It can get difficult to manage tantrums and meltdowns. Parents and caregivers who experience this, often wonder how to calm their autistic child.
We wanted to gather some information on what are meltdowns and tantrums, and how to deal with them.
What are the Causes of Meltdowns for Children with Autism?
We should first define what meltdown actually is. A meltdown is an intense response to overwhelming situations by the person.
This could happen when an individual is overwhelmed by the current situation. It could cause loss of control.
This can be exhibited in different manners. The loss of control shows through verbal expressions like yelling or crying, or it can be physical like kicking or biting.
There are cases where the response could be in both ways.
Here would be a good place to point out that autism meltdowns and temper tantrums are actually not the same thing.
When you are looking into ways on how to calm an autistic child, you may come across tantrums as well.
There may be a couple of underlying reasons for having a meltdown. It can be triggered by so many different problems.
The key to understanding how to calm an autistic child lies with understanding what it is that triggers the behavior.
The following are some of the common causes of meltdowns:
- ADHD: Lack of focus or inability to tolerate boredom can contribute to outbursts
- Learning issues: A learning disorder could cause frustration and lead to meltdowns
- Anxiety: This is another major contributor. A child can get overwhelmed when faced with uncomfortable situations.
- Sensory issues: Sensory issues cause children to feel overwhelmed which leads to meltdowns.
- Lack of skills to handle situations: Children who lack the skills to cope with certain situations or emotions could experience meltdowns.
Meltdowns are not the only way that an individual with autism can show they are overwhelmed.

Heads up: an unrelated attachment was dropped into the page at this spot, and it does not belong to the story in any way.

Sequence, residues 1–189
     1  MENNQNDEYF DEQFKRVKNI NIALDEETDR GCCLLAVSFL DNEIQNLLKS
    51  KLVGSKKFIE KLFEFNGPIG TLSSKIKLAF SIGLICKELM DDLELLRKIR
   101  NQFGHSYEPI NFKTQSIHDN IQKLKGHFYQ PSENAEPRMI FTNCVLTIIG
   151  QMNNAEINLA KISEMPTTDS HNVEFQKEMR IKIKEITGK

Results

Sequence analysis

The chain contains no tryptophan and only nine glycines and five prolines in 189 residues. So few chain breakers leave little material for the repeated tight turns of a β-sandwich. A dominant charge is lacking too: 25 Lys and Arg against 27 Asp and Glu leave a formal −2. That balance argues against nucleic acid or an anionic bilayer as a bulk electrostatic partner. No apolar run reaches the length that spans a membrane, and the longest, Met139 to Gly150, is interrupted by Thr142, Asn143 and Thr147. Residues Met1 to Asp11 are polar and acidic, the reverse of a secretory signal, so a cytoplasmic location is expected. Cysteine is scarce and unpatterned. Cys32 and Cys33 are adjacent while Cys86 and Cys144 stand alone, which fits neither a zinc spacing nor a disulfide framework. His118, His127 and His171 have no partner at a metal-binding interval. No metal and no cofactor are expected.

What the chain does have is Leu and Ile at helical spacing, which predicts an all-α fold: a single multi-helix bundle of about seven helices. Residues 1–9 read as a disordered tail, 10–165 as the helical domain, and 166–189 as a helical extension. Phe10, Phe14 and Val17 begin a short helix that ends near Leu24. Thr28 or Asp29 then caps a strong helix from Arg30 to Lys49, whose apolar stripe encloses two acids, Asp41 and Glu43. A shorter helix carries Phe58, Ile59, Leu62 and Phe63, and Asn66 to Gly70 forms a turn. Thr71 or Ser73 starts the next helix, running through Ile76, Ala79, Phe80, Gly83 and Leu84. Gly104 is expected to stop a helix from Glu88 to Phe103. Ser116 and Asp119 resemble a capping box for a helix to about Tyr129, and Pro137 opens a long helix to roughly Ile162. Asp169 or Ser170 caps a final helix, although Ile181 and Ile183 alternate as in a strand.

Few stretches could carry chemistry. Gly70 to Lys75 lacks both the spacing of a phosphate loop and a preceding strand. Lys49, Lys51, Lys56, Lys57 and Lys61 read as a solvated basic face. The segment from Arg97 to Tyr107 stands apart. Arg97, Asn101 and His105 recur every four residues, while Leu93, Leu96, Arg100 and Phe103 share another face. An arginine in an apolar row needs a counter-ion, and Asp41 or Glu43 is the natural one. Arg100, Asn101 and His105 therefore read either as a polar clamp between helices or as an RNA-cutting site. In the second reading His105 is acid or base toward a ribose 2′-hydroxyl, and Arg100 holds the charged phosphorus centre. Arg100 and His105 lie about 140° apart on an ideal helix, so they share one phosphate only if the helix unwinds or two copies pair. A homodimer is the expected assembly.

Less obvious ways include refusal to interact, or withdrawing oneself from challenging situations.
What is the Difference Between Meltdown and Tantrum?
They may seem similar on the outside. Externally, meltdowns and tantrums look really alike. But there are in fact differences between the two.
Tantrums can be seen in younger children as __willful__ behaviors. Not that children plan to frustrate their parents or caregivers, but they want to express their frustration.
However, a meltdown can be experienced throughout life. While tantrums tend to go away as the child gets older, meltdowns may never go away.
It is important to note that children with autism can, of course, have classic temper tantrums.
But, understanding the difference between tantrums and meltdowns can provide great insight.
Tantrums can be resolved through a certain kind of response, while the same response can overwhelm the child during a meltdown.
If you are looking for ways on how to calm an autistic child, understanding the difference between meltdowns and tantrums can come in handy.
There are a couple of ways to figure out the difference between the two:
Audience: When ignored, tantrum behavior usually stops. Or when the child gets what they want, they may stop the behavior. But an autistic meltdown will occur regardless of an audience, as it is a response to an overload of external stimuli causing emotional explosion. This could even happen when they are alone.
Angry vs. Overwhelmed: Tantrums stem from being angry or frustrated. But autistic meltdowns are generally a reaction to being overwhelmed. Autistic individuals can’t control their meltdowns. Strategies like hugs, incentives or distractions that work on tantrums will not be beneficial for meltdowns.
Getting What They Want: Tantrums could be goal oriented. This means that a tantrum in a young child is typically a result of getting what they want. This could be a toy or not doing a certain routine or eating only a certain type of food. These tantrums can be more frequent when the child is tired or not feeling well, but there is generally a goal behind it.